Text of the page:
In Part One of this series, we talked about how to compute investing returns, and we began the process of setting up a spreadsheet to help us do it properly. Let's continue.

Now we'll buy some stock. Remember, we're treating our holdings as if we were managing them as a fund -- in this case the "You Fund."

Let's say we bought 150 shares of **Microsoft** (NASDAQ:MSFT) at $25, and 150 shares of **Yahoo!** (NASDAQ:YHOO) at $37, investing $9,300 (plus $20 in commissions) of our $10,000 -- leaving $680 in cash. We make *no entry* in the spreadsheet regarding this purchase. We decided in Part One that we are only tracking cash inflows and outflows. Purchases and sales within the account do not affect our computation of returns.

A month from now Microsoft is trading at $26, and Yahoo at $39. We'd like to know how we're doing, so we add a line to our spreadsheet, giving us this:

Date |
Cash in/ | Start shrs. | Shrs. in/ out | End shrs. | Acct. value | NAV* |
---|---|---|---|---|---|---|

5/19 | $0 | 0 | 0 | 0 | $0 | $10.00 |

5/20 | $10 | 0 | 1000 | 1000 | $10.00 | $10.00 |

6/20 | $0 | 1000 | 0 | 1000 | $10.43 |
$10.43 |

The entry for 6/20 is a full memo entry that allows us to compute our returns. For 6/20, since no cash went in or out, we entered that amount as $0. Start shares was brought down from the previous row's end shares. The start shares entry is equal to the end shares from the previous entry. Since the cash in/out entry is $0, shares in/out is 0, and the end shares for 6/20 is the same as the start shares. We enter the account value of $10,430, which is 150 times $26 for the Microsoft stock, plus 150 times $39 for the Yahoo! ($9,750 total), plus the $680 in uninvested cash, in the "account value" column. (Presumably we just took the total value for our account from a statement or Web page and plugged it in here.) Finally, the NAV is computed as the account value divided by the end shares, or $10.43.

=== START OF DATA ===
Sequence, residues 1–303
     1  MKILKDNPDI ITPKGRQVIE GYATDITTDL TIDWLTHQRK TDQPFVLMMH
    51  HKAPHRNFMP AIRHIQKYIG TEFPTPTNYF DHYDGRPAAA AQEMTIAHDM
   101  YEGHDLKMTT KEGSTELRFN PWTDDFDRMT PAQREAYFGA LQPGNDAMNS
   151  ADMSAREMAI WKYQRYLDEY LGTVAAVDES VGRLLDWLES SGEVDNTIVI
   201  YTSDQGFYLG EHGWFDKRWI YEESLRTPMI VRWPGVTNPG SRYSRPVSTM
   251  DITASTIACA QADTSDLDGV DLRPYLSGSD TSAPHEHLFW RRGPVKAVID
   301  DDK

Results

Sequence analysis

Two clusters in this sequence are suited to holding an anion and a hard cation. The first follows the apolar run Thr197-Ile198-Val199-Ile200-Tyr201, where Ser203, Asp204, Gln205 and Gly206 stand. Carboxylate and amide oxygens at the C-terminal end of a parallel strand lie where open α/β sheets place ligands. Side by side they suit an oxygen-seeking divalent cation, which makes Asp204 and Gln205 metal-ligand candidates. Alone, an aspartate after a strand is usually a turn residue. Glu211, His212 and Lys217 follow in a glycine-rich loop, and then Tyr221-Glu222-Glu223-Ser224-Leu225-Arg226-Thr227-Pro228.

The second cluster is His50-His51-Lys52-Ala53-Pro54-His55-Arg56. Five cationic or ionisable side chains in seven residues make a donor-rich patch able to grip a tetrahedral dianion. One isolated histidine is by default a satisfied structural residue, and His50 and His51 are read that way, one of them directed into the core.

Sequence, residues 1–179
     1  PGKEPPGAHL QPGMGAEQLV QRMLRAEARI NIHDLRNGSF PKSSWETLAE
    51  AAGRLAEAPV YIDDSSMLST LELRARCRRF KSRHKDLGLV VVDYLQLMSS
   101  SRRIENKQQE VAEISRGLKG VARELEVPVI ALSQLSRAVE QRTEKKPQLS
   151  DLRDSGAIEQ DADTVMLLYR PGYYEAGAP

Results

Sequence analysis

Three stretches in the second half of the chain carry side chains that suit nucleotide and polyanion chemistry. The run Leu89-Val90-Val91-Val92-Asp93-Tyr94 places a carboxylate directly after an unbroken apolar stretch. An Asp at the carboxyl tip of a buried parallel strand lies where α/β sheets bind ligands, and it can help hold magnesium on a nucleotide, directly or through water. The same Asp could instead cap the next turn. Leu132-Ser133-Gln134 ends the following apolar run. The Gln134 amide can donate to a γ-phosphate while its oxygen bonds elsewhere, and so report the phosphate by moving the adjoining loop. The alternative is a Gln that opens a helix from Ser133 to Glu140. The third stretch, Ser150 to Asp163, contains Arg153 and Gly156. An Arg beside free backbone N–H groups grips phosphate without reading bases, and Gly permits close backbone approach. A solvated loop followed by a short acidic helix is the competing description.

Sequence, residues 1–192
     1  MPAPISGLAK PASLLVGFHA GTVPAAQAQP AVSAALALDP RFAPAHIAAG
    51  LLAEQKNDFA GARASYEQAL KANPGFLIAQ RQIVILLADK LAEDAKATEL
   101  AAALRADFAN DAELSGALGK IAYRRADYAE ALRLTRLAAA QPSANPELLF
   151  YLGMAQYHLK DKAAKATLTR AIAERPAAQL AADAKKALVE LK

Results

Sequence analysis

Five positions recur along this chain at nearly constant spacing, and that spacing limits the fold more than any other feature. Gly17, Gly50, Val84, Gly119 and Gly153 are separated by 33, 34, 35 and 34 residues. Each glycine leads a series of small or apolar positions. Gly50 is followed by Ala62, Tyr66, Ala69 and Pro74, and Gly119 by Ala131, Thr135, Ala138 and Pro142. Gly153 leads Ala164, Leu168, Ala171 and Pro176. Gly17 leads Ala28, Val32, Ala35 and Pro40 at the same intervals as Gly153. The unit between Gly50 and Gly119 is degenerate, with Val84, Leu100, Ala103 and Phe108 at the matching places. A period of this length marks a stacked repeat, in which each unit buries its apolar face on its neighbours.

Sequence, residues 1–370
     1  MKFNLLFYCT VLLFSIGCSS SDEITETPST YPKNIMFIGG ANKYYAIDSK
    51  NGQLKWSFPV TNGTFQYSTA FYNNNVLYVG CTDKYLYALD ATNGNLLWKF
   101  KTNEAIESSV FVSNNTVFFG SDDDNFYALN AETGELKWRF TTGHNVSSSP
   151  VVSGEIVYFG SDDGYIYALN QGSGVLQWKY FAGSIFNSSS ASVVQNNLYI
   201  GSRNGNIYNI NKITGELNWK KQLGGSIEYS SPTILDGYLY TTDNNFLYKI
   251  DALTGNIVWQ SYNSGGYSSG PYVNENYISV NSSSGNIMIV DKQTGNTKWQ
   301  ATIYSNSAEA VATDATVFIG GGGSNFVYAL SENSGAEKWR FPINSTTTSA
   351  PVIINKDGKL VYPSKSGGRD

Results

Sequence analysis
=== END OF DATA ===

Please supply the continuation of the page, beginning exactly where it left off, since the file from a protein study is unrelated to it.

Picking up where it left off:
So far, so good, and not terribly complicated. The shares in our hypothetical "You Fund" have risen from $10 to $10.43, for a profit of 4.3%. This makes sense, since our cash deposit into the account was $10,000, and the account is now worth $10,430. Note that these calculations include the uninvested cash. If we had calculated our return solely based on our Microsoft and Yahoo! investments, we might have been tempted to say that we were up $430/$9,300 = 4.62%. But that would be wrong! Our uninvested cash, earning 0%, drags our return down to 4.3%.

The 4.3% return is our return to date, of course, and not an annualized return like those reported by mutual funds. To get an annualized return, we'll take our return to date, divided by the fraction of the year that has gone by. In this case, 4.3% / (31/365) = 50.63%. Note that this is an uncompounded rate of return, which is the conservative approach, since compounding the return for such a short period of time is probably not appropriate. In fact, *annualizing* the return for such a short period of time, as we've done above, is *definitely* not appropriate, but I know you'll do it anyway, so you might as well do it properly. Just don't take it too seriously, because it does not provide credible evidence regarding your likely investing performance -- yet.

Since the entry for 6/20 is there only to allow us to calculate the returns through that date, we can leave it in the spreadsheet or not, as we see fit. For now, we'll leave it. In fact, if you make a new entry for each business day, you'll end up with a full, graphable record of your returns. Pretty cool!

Three more months go by, and on Sept. 20 we decide to pull $300 out of the "You Fund." Our stocks are still trading at $26 and $39, so the value of the account has not changed. This is a "cash going out" entry. It is a two-line entry, like the "cash coming in" entry. As with the "cash coming in" entry, we first need a memo entry that shows the NAV for the night prior to the withdrawal, in order to determine the price of the shares we "sold." In this case the NAV (again computed as the account value divided by the number of shares) is still $10.43. We make an entry in the spreadsheet for the previous day, and another for today:

Date | Cash in/out | Start shrs. | Shrs. in/out | End shrs. | Acct. value | NAV* |
---|---|---|---|---|---|---|

5/19/05 | $0 | 0 | 0 | 0 |
$0 |
$10.00 |

5/20/05 | $10 | 0 | 1000 | 1000 | $10.00 | $10.00 |

6/20/05 | $0 | 1000 | 0 | 1000 | $10.43 | $10.43 |

9/19/05 | $0 | 1000 | 0 | 1000 | $10.43 | $10.43 |